For Greg Maino, fastpacking presents a unique way of moving on Vermont’s wild and rugged trails. “Pace-wise, it’s somewhere between trail running and backpacking. You wake up and move right away. You eat breakfast on the go and what you get in return is the trail to yourself. You still have time to stop at a swimming hole. Then in the evening, you keep moving right through that blue hour, when most backpackers are tucked away in camp and wildlife tends to be most active,” says Maino, 39, whose dual roles as a dad to two little kids and the Communications Manager for the Catamount Trail Association keep him busy midweek.

Getting Farther, Faster

Routes like the Long Trail or the 136-mile Northfield-Placid Trail in the Adirondacks become week or weekend-long adventures if you can tackle 30-mile days. Bucket list hikes like the 21-mile Presidential Traverse in New Hampshire’s White Mountains or the Pemi Loop, a 31.5-mile, rugged trek around the Pemigewasset Wilderness become day trips for a fit fastpacker. Remote areas of Vermont, such as the 35-square-mile Glastonbury

Wilderness just outside of Bennington, become accessible day or overnight trips. Try the 21.8-mile Glastonbury/West Ridge Loop and spend the night at Goddard Shelter, where a short hike takes you to the summit of 3,745-foot Glastonbury Mountain and a fire tower. A fastpacking setup would also allow you to run the 1.9 miles to Butler Lodge on the flank of Mt. Mansfield after work for a midweek overnight. One of the nearly six dozen lodges the Green Mountain Club maintains along the Long Trail, the hut is located just half a mile below the Forehead. Rise early and run the two-miles across the ridge, then cut across the CCC road and back to the Stevensville trailhead to be at work in Burlington the next morning.

“I think that as gear gets lighter and more affordable, more serious trailrunners are saying, ‘What if I didn’t have to go home at the end of the day? What if I challenge myself to see how long I can sustain those big miles and how much I can see while doing it?’” says Maino.

That’s what sucked the Green Mountain Club’s Rob Rives into the world of fastest-known-times and fastpacking. The 29-year-old Education and Outreach Coordinator has guided rock climbing in Yosemite Valley, where he got into big wall climbing, the art of scaling 2,300-foot granite faces which often involves spending a night dangling from a secured tent thousands of feet above the air. The North Carolina native got into fastpacking big loops through the arid backcountry of Tuolumne Meadows about nine years ago as a way to see more territory on his days off. “I wanted to wed the two disciplines by moving with minimal gear so I could tackle big distances in technical terrain,” he says.

Since running his first ultramarathon in 2009, Rives has run at least one 100-mile race each year. He set the first FKT for New Hampshire’s Coos Trail, a 170-mile route through the White Mountains in 2015. The next year, he finished second at the Thunder Rock 100-Miler, a race in Tennessee’s Smoky Mountains. But unsupported, multi-day trail runs are what drive him.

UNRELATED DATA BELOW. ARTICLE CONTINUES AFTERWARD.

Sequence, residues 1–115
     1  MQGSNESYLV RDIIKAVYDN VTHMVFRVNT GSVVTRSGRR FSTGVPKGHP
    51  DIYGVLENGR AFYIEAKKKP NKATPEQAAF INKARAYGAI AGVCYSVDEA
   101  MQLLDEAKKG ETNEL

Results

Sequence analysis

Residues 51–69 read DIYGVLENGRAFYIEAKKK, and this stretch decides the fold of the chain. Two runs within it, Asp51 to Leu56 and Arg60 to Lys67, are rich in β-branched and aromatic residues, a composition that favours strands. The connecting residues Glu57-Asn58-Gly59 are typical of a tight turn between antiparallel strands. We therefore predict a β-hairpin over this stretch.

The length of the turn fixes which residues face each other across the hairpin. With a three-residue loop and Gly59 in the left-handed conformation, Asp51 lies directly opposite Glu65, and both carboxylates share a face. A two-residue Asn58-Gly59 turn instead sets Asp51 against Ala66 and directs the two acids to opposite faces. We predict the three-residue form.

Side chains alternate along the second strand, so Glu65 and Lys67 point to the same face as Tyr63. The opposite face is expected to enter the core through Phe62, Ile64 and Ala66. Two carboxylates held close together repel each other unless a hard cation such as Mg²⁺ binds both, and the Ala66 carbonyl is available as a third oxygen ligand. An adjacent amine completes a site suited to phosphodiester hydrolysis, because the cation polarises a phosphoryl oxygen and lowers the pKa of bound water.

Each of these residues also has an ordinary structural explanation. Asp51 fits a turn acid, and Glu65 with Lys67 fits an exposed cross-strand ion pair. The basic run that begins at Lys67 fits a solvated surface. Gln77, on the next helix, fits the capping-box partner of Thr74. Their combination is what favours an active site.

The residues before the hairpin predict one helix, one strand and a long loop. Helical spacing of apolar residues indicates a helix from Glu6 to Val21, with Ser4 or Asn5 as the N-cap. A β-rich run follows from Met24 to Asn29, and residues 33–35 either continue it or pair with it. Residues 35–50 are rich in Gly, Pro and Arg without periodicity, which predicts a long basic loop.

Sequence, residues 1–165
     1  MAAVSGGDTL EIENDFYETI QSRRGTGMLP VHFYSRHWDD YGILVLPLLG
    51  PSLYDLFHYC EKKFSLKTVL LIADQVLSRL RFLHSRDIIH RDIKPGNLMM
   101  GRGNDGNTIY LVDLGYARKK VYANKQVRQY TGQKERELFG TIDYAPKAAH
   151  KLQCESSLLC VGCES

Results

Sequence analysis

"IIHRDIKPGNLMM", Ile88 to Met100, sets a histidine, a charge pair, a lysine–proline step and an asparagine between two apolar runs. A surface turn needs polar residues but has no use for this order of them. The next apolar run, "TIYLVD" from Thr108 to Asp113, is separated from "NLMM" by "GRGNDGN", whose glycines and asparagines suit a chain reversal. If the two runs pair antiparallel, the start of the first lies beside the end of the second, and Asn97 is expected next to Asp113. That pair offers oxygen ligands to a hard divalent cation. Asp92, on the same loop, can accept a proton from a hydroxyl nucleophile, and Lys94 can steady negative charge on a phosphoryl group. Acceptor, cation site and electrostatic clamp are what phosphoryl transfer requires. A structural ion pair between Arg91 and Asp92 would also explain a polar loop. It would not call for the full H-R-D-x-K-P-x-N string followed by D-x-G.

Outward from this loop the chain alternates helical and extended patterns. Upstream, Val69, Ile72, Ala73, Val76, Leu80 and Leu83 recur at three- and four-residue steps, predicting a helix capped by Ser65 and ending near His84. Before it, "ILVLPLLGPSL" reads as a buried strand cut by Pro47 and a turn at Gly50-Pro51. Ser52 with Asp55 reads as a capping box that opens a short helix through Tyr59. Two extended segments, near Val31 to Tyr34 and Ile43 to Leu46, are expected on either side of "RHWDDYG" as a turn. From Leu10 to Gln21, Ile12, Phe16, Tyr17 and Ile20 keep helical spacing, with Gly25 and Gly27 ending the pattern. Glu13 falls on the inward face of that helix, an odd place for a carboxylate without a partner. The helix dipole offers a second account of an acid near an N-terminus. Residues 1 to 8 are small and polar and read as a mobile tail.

“I love the self-sufficiency of fastpacking,” says Rives. “I like seeing a line on the map and knowing I can get to the end without any extra help and with everything I need on my back.” And in his role at the Green Mountain Club he’s seen fastpacking grow. “I think interest and participation in that style of moving on a trail has increased pretty dramatically in the last three to four years in particular,” he says.

Vermont is a great place to fastpack, whether you choose to do so competitively or not.

“Everybody gets 52 weekends in a year and for most of us, a fixed amount of time off in between,” says Greg Maino. “If you find yourself picking a place on a topo map that’s way back in the wilderness and saying, ‘I’d love to get there this weekend, but I just don’t think I have the time,’ this sport is for you.”

Gearing Up (or Down)

If you’re looking to get into fastpacking for the first time, Rives suggests getting a running pack and starting to pare down the belongings you take on your next backpacking overnight, experimenting with running the flat and downhill sections of trail. “It’s a fine line between experiencing discomfort and being unsafe. Think hard about which items you used on your last trip and whether you could do without them for a night. What that looks like will be different for everybody.”

Rives recommends stripping items away slowly, especially if you plan to push yourself to run much of your trip with a time goal. “It’s a scary but exhilarating place to be—in the dark, miles and miles into a geographically committing trip and suddenly be unsure of whether you can do what you set out to accomplish,” he says. “Don’t put yourself there too soon.” Items like a GPs locator beacon and bivy sack give you the confidence you need to feel safe pushing onward.

Other tips include: always bring two pairs of wool socks, apply corn starch (liberally) to keep your feet dry and free of blisters, and expect to burn between 3,000 and 4,000 calories per day. Meals ready-to-eat from brands like Mountain House, which require only hot water in a disposable, packable container, are great options. Look for a trail running shoe with medium cushion, that fits your foot. Then take your whole setup on some 15- to 25-kilometer day trips to see how it feels.

“I think I like the struggle,” says Thompson. “I really love being on the trail for extended periods of time, and I absolutely love Vermont’s trails for how wild and alive they are—even more so than anywhere I’ve been out west. I love to be nestled under the forest canopy the way you are on the Long Trail, and fastpacking has led me to some really fascinating experiences—bear cubs climbing up trees, moose plunging into ponds—during the time at dawn and dusk when most people are still on their way to or from the trailhead.”

For Josh Burns, it’s about pushing his body to its limits, but it’s also about humility and perspective. “Every time I take a fastpacking trip, I learn a little more about the things I really need, and what I can do without.”   

For 12 pieces of great fastpacking gear to get you out on the trail, click here.

Featured Photo Caption: R.J. Thompson of Stowe, shown here headed north on The Long Trail, climbing the Forehead on Mt. Mansfield. Thompson was on a training run in preparation for taking on the men’s unsupported fastest-known-time for The Long Trail. Photo by RJ Thompson.